Google Panda 4.0 Hit Sites Blocking CSS & JavaScript

Jun 23, 2014 • 8:24 am | comments (32) by twitter Google+ | Filed Under Google Search Engine Optimization
 

Google Panda 4.0Joost published a blog post showing how some of the sites he hit by Google Panda 4.0 and in one case, unblocking the CSS & JavaScript resulted in the site returning to its normal rankings.

Joost wrote, "they’ve returned on almost all of their important keywords. Just by unblocking Google from spidering their CSS and JS."

Well, I have an issue with this for a couple reasons:

(1) Panda is an algorithm and it needs to run again for it to have an impact. So first, you need to theoretically unblock your CSS & JavaScript, then wait for GoogleBot to crawl to pick it up, then Google needs to process all of that, and then Panda has to be rerun.

(2) I haven't seen enough evidence from the community to prove this to work.

(3) More of his supporting evidence is Google recommending you don't block CSS & JavaScript at SMX Advanced a couple weeks ago. Google has been saying that for years and years. They just keep saying it.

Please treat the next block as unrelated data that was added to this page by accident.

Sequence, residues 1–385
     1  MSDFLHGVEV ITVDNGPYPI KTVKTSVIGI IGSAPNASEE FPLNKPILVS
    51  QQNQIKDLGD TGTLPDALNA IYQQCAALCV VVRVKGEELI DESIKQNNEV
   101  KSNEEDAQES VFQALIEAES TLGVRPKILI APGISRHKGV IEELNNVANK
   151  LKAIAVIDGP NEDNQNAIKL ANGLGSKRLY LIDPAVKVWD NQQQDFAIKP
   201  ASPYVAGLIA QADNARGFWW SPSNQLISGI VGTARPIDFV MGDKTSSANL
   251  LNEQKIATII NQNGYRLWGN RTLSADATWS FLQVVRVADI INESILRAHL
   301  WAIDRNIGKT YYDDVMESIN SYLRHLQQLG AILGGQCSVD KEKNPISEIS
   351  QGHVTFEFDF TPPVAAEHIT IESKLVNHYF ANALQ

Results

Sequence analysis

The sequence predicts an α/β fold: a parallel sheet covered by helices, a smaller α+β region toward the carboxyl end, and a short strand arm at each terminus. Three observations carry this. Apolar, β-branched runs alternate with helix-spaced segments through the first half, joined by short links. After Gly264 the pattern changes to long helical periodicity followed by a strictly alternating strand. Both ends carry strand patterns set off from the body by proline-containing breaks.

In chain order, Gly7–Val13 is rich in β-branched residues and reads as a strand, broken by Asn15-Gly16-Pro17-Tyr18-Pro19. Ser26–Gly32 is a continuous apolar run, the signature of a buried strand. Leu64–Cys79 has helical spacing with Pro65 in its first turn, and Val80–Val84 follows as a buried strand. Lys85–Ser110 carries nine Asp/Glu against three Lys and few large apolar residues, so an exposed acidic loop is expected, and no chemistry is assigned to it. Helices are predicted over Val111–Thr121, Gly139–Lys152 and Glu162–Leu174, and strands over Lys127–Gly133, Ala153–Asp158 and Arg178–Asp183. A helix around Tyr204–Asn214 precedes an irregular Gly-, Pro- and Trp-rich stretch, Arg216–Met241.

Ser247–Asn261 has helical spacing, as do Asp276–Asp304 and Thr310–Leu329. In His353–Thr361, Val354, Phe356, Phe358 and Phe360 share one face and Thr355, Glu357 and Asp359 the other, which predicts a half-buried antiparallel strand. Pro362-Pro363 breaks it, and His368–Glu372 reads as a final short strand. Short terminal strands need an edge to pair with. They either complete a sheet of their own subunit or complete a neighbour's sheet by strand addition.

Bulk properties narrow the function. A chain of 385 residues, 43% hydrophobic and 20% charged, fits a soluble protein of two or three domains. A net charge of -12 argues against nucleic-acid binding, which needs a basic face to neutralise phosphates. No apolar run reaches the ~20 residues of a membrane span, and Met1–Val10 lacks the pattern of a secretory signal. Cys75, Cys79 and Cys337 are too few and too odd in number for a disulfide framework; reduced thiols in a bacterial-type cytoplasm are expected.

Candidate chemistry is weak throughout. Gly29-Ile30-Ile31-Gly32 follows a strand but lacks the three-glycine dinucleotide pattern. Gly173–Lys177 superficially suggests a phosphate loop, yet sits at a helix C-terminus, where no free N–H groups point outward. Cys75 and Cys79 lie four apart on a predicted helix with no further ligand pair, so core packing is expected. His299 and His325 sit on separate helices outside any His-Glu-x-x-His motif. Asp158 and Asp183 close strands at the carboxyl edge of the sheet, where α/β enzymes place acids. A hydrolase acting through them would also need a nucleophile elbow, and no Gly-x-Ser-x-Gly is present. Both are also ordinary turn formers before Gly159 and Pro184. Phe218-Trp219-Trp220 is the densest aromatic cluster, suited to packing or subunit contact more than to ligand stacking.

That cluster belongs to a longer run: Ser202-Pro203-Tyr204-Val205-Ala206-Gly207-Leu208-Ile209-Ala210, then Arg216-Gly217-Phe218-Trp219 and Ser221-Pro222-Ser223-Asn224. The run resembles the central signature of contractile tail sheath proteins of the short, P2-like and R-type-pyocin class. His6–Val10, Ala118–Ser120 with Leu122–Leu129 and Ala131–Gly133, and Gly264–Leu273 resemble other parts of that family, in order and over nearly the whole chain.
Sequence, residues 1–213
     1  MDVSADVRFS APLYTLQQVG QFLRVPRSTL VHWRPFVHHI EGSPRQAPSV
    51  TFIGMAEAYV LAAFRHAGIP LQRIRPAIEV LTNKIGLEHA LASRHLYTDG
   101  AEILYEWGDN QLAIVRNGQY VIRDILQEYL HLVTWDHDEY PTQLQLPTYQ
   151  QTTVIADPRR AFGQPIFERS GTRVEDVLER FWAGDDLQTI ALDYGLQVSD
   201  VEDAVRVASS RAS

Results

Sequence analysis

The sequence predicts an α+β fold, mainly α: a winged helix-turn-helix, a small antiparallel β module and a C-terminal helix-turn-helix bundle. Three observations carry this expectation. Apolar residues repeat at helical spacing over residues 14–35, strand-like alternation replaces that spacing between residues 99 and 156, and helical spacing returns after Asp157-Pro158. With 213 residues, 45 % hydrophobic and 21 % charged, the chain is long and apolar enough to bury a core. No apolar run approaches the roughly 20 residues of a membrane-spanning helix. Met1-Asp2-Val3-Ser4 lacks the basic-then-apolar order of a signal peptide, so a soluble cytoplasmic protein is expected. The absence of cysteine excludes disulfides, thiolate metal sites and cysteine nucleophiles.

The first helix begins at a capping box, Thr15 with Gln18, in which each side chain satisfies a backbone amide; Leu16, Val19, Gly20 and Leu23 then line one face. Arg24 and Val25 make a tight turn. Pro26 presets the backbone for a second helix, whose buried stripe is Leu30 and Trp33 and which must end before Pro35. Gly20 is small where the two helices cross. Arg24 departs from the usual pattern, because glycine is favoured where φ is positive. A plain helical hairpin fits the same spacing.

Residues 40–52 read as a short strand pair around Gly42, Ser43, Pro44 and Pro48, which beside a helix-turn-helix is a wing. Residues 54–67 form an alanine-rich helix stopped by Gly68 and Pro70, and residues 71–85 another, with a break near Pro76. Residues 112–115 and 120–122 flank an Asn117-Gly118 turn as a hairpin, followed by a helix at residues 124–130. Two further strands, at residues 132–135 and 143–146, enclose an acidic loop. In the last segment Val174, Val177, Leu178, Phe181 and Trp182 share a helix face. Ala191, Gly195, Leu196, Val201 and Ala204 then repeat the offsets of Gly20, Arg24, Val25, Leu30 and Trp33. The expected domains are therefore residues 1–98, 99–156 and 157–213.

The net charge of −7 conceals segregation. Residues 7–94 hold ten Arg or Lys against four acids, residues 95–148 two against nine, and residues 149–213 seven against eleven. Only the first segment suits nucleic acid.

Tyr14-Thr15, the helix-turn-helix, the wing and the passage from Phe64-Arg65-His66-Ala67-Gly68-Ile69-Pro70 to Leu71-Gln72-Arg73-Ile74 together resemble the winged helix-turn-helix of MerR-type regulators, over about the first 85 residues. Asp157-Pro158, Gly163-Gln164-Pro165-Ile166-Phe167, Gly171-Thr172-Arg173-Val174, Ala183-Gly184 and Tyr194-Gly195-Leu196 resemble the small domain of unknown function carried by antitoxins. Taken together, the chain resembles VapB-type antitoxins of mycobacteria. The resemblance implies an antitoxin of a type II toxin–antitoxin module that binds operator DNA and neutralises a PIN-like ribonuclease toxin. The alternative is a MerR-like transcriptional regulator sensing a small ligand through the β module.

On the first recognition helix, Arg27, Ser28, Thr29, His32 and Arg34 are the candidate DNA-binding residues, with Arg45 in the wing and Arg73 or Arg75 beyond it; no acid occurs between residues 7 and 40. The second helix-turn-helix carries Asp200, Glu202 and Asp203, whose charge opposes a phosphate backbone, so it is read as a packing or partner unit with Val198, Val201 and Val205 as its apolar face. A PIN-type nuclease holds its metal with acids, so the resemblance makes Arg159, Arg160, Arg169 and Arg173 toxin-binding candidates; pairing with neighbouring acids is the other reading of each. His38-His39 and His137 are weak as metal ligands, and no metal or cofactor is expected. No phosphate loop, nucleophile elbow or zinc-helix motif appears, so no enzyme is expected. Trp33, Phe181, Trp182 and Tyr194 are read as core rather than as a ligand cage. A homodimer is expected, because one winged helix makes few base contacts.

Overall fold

The truth is, a lot of sites that may have benefited or took a hit from Panda 4 actually saw reversals a week ago (last weekend). We have a story on that over here. So something did happen with Panda 4 but Google would not chime in about that.

I think it is unrelated to the blocking or allowing of CSS & JavaScript.

Robert Charlton, moderator of WebmasterWorld, wrote in the WebmasterWorld thread:

He associated a site's drop with its accidental blocking of CSS and Javascript files. This was shortly after Google had announced its new Fetch and Render feature in Webmaster Tools. Assumption is that this is now being used in the page layout algorithm. Unblocking CSS and JS appeared to produce quick recoveries.

This kind of association is entirely consistent with algorithmic changes I've seen over the years, where Google has been quick to make use of a capability that we first see in a reporting feature.

What do you think?

Forum discussion at WebmasterWorld.

Update: Have somewhat a response on this from Google, new story over here.

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